Here’s what’s up in the world of TV for Friday, May 2, and Saturday, May 3. All times are Eastern.
White House Correspondents’ Dinner (Multiple channels, 9 p.m., Saturday): Are you a big fan of presidents making awkward jokes? Perhaps you just like decrying the incestuous relationship between Beltway journalists and the politicians they cover. Or are you just a really big fan of Joel McHale and wish to support all he does outside of Community and The Soup? Well, if you’re all three, then, congratulations, tonight’s your night! Joel McHale hosts the annual dinner, at which President Obama will crack wise, journalists will dutifully laugh, and other celebrities will be in attendance, too. Just don’t go looking for it on Fox News. They’re not broadcasting it. (CNN, in true CNN fashion, begins broadcasting at 8, for a full three hours of pointless political fluff.)
Grimm (NBC, 9 p.m., Friday): Kevin McFarland checks in for an episode called “My Fair Wesen,” which will hopefully conclude with all of the characters getting together to help a common gutter Wesen look like a fine lady, just by helping her learn the proper manner of speech.
Hannibal (NBC, 10 p.m., Friday): Mason Verger appears for the first time in this week’s episode, and we can assure you that Michael Pitt is all kinds of fun in the role, and we kind of want a spinoff called The Vergers in which he and Margot open a bed and breakfast. Molly Eichel would watch it.
Saturday Night Live (NBC, 11:30 p.m., Saturday): Andrew Garfield, Spider-Man himself, drops by the studio to host, with Coldplay as musical guest. Dennis Perkins secretly hopes that Emma Stone shows up to co-host, because he squeals in delight every time he sees those two holding hands.
Orphan Black (BBC America, 9 p.m., Saturday)
ELSEWHERE IN TV CLUB
In a For Our Consideration essay some have likened to John Lennon’s most famous solo hit, Todd VanDerWerff imagines a world where cancelations are no longer to be feared. We’re not quite there yet, but Todd hopes someday you will join us, and all the beautiful TV shows romp and play.
WHAT ELSE IS ON
Shark Tank: Swimming With Sharks (ABC, 8 p.m., Friday): Sadly, this is not a special where the sharks are made to swim with actual sharks but, instead, a special that catches us up on where prior investments. Which is already a weekly segment on the show! Shark swimming would have been cooler.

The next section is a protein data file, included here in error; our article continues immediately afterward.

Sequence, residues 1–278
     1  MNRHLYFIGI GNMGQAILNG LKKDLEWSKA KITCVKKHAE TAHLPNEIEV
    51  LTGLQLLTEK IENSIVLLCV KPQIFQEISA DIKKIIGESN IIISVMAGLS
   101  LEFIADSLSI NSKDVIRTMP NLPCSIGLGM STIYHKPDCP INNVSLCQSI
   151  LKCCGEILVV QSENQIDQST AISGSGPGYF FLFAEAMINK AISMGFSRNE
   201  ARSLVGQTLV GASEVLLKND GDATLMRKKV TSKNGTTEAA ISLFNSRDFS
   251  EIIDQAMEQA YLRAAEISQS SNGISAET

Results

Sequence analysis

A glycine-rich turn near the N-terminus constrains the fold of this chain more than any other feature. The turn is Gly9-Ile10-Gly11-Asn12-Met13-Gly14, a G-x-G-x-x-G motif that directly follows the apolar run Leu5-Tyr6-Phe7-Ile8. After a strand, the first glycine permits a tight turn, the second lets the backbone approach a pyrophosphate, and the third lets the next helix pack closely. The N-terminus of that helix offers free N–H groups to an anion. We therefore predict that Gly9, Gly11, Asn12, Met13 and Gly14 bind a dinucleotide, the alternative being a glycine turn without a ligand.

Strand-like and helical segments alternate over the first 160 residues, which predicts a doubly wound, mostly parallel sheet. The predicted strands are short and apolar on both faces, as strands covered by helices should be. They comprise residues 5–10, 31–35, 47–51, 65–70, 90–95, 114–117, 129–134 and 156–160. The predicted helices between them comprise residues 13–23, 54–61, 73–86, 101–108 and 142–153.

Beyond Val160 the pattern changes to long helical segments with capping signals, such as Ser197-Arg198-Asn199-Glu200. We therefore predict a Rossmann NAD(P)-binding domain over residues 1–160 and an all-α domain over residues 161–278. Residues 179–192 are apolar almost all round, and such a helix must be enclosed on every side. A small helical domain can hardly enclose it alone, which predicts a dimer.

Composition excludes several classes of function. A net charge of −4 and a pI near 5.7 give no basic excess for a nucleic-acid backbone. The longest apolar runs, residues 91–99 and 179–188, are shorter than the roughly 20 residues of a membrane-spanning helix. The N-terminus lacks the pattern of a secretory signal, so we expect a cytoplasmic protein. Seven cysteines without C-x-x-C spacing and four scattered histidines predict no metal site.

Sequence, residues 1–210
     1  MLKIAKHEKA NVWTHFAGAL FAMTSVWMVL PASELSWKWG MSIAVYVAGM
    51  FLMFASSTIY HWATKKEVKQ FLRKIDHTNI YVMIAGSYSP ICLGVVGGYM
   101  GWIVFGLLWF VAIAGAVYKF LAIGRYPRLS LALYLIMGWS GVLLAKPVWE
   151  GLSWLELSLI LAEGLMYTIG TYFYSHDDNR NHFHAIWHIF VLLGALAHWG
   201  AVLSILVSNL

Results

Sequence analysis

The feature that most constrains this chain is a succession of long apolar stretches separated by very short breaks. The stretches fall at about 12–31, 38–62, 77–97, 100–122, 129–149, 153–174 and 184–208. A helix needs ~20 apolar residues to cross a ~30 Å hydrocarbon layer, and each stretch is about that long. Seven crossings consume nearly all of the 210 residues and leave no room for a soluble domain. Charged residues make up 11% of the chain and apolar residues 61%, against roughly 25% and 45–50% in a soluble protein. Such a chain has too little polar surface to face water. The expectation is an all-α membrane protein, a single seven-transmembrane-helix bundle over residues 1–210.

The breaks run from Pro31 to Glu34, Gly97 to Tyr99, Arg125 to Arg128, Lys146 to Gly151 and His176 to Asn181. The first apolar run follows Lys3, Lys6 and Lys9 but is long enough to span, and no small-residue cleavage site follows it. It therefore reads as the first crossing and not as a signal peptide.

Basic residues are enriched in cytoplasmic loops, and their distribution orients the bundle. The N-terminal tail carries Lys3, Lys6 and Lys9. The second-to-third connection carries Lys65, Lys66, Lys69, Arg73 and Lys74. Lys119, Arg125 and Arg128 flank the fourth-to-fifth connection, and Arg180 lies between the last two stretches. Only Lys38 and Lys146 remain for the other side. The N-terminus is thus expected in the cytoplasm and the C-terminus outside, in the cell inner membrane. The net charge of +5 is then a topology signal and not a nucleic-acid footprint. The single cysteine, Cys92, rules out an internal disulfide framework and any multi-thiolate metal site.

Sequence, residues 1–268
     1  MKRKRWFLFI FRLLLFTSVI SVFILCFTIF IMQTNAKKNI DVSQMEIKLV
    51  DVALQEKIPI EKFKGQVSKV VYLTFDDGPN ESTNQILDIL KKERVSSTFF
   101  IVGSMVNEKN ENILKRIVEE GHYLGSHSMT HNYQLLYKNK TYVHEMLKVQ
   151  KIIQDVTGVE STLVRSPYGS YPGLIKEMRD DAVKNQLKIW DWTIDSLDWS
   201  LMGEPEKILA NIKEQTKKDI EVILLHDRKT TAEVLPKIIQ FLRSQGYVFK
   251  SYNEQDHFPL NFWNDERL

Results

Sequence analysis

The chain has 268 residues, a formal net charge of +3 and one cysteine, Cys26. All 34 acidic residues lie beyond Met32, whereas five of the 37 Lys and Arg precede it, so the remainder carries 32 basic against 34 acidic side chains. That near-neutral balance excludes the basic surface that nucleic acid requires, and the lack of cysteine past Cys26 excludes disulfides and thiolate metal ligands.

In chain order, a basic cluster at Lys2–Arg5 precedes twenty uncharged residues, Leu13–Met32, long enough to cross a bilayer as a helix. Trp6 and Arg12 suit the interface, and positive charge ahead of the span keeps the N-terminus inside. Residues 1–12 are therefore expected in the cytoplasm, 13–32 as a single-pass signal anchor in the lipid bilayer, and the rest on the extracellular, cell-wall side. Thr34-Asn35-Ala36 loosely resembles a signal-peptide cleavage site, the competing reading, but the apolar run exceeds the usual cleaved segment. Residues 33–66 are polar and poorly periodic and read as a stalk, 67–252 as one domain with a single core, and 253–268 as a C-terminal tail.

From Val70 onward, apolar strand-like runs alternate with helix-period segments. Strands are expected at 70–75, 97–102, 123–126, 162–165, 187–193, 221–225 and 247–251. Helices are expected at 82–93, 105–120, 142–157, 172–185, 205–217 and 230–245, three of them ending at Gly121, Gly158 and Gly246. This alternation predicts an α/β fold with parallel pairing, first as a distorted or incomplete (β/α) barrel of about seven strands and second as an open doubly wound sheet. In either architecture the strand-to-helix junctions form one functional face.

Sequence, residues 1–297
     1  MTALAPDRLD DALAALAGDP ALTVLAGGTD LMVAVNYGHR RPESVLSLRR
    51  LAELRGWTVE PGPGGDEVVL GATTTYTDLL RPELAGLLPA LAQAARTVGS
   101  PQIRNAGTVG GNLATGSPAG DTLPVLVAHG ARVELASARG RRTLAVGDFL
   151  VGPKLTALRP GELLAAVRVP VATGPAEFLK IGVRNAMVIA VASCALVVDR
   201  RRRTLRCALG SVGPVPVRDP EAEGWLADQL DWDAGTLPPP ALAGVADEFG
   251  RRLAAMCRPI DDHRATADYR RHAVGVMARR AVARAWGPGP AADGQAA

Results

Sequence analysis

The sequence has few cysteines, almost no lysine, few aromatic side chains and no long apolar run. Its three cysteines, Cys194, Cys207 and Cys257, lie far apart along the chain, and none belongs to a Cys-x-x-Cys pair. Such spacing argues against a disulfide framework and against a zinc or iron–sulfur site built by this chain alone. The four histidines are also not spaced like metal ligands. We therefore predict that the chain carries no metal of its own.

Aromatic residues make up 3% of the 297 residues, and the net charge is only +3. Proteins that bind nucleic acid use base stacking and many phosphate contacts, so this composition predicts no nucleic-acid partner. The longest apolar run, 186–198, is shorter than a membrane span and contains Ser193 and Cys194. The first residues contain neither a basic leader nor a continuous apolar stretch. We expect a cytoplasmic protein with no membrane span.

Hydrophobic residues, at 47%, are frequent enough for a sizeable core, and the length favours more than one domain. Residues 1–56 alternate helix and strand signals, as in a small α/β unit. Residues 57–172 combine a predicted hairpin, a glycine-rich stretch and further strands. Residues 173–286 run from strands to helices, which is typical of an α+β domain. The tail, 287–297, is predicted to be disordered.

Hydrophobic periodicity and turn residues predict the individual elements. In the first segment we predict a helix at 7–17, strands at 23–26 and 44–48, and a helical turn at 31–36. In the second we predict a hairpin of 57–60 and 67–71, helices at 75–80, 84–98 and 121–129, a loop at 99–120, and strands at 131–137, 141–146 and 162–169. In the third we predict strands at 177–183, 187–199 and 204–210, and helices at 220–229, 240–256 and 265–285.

Pennsylvania Ballet At 50 (PBS, 9 p.m., Friday): Holy wow if you don’t like sports, this is just a dead weekend for television. Fortunately, we like sports, so we probably should have just turned this whole thing into “sports!” But no. We soldier on with the format. Watch some culture, assholes!
Blue Bloods (CBS, 10 p.m. Friday): We remember liking some of the first season of this, then promptly losing track of it. Our mother still likes it though. Tell us, oh What’s On Tonight commenters: Is she right to keep it on her DVR list?
Wild West Alaska (Discovery, 10 p.m., Friday): The show begins its second season tonight. This is odd, because we weren’t even aware it had a first season. For fun, insert the word “Alaska” into common phrases to see if you can come up with a reality show title. We like Everything’s Coming Up Alaska.
A Daughter’s Nightmare (Lifetime, 8 p.m., Saturday): A mother fears that her daughter will suffer the same fate as her husband when her family is targeted by a mysterious man with designs on God knows what. Knowing Lifetime, though, it won’t be soul stealing, which is too bad.
History Of The Eagles (Showtime, 9 p.m., Saturday): True story: For a long time as a child, What’s On Tonight thought that popular solo recording artist Glenn Frey had been a member of the Philadelphia Eagles, not the rock band Eagles. You can perhaps see why.
Space Jam (VH1, 8 p.m., Friday): It’s failed franchise Friday here at What’s On Tonight, which means that you should begin your evening by watching this movie that failed to turn Michael Jordan into an acting legend. Why, even the Looney Tunes were unable to capitalize on it for a film franchise.
Terminator Salvation (TNT, 8 p.m., Friday): There are okay moments scattered throughout this attempted reboot of the Terminator franchise set during the robot wars and featuring Christian Bale. But for the most part, it’s a big “eh!” And another failed franchise! Sort of!
In The Heat Of The Night (TCM, 8 p.m., Saturday): This more conventional choice beat out Bonnie & Clyde and The Graduate for Best Picture of 1967, but that doesn’t make it a terrible film. It’s a damn sight better than the other two nominees, Guess Who’s Coming To Dinner and Doctor fucking Doolittle.
NBA Playoff: Game 6: San Antonio at Dallas (ESPN, 8 p.m., Friday): This has been a terrific set of first-round playoffs (outside of that Miami-Charlotte series), and tonight sees the Spurs try to put Dallas away, while the Mavs hope to force a game seven.
The Kentucky Derby (NBC, 4 p.m., Saturday): We rarely note this event (or its Triple Crown cousins) because it’s What’s On Tonight, but we don’t want to make horse racing feel any worse about the way that it’s largely fallen out of the public eye but for this weekend every year.
IN CASE YOU MISSED IT
Moone Boy (Thursday): Just in case you didn’t notice, the second season of Moone Boy debuted on Hulu last week, and Phil Dyess-Nugent compared it favorably to the terrific first season. Go read his TV review, then hop down in comments to ramble on about your thoughts on how it all worked out.